said possession





if I were, I would
to sleep in the scent of sandalwood
pain rock-a-byed love
through childhood

&—with the sober smooth landing of today
still waiting for the heavy stone thud

wait & wait & wait—until baseline
until riverbed ancestry revealed and oh, the bones
all the bones licked clean by
the water needle weaving
in and out of flesh
the ouroboros of time
swallowing measure away
& back again

why I say ‘love’ sideways
why I serpentine to stand
rib for rib—fit to your frame
and then square to you
as I spit in your flame

why I will always love you
pain-cradling arms of dead body
why I will always be known
to you as only an absence

the one that got away
I got away
I got I got I got




+++is it rusty now, the dagger? is it blunted by fooling at the cement with an absent mind–a cinderblock on my shoulders for half a year. a cinderblock to fall through my ribs, I lied my heart stone, though. I lied it stone until it was hard enough to break a bottle over it
again & again
bottle after bottle
I didn’t count on finger nor thumb
and I wasn’t proud
of all the broken glass at least
I wasn’t proud of how the sheets fell off the bed
or the piles of dust
or the dirty laundry
I wasn’t proud of the way my hair fell
or the crust in my eyes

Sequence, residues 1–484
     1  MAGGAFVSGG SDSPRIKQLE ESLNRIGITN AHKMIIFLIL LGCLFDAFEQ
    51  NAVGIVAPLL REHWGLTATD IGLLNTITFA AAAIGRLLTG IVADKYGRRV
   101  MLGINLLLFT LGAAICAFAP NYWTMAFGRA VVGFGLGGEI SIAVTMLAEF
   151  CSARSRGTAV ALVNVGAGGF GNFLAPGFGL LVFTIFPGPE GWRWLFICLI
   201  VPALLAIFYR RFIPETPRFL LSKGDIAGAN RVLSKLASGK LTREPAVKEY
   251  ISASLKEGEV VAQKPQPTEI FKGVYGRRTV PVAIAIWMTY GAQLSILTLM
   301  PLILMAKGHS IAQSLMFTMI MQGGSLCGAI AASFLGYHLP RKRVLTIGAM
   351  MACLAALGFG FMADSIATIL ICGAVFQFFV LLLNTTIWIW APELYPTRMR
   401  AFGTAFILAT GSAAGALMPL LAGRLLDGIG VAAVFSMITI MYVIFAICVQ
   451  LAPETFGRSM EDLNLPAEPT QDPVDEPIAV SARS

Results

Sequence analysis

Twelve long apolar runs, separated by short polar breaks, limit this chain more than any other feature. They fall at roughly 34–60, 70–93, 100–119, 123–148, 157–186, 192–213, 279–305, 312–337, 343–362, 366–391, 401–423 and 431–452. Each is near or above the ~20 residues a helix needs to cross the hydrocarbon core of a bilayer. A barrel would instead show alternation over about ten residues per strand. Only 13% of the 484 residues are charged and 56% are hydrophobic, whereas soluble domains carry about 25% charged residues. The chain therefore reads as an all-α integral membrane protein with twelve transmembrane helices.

it was the hanging lightbulb I revered
somewhere in the basement
swinging mad
I worshipped it, a moth
to my own light
beating against
other people’s faces
and lipstick smears
the way my arms my legs could fall
++++++so far ++++++++so open
the way I could stomach so much soot and ash
until I spit and shit green and told myself it was temporary
that the coal cleans the system
that I am a system of simple machines
but what of the wedge? ++++++forget the clever lever a moment
and then I remember the cinderblock
and the lightbulb is broken glass
and I am not a moth and I am not a light
I am a dry river bed sucking fish bones
and the stone is never was cannot be stone
because it was always heart
and I am crushed flesh beat beat
simple machine turned two-dimensional art
no, just sleeping
until the water starts flowing
and I am rich in the slate colored smooth
tumble of stone beneath my toes
and I don’t have to count the suns since all the broken glass
or finger red on faces or spill red down my own front
that blade?
just grass now
that pulp?
an organ
that sound?
muscle flexing
against empirical evidence
and that color running through every thread of my being?
that color lives within but is greater than
the word for love in all the tongues




Apology Event*

+++Start by giving away the knot in every muscle.
++++++Let all your fingers and toes unfurl.
++++++Give up the catch in your breath, the stoop in your shoulders.
++++++Give up the grind of your sleep against waning molars and canines.
++++++Give up your ideas about right and wrong, or make it seem as if you have.
++++++Pretend you never stole the color blue from anyone who was still crying.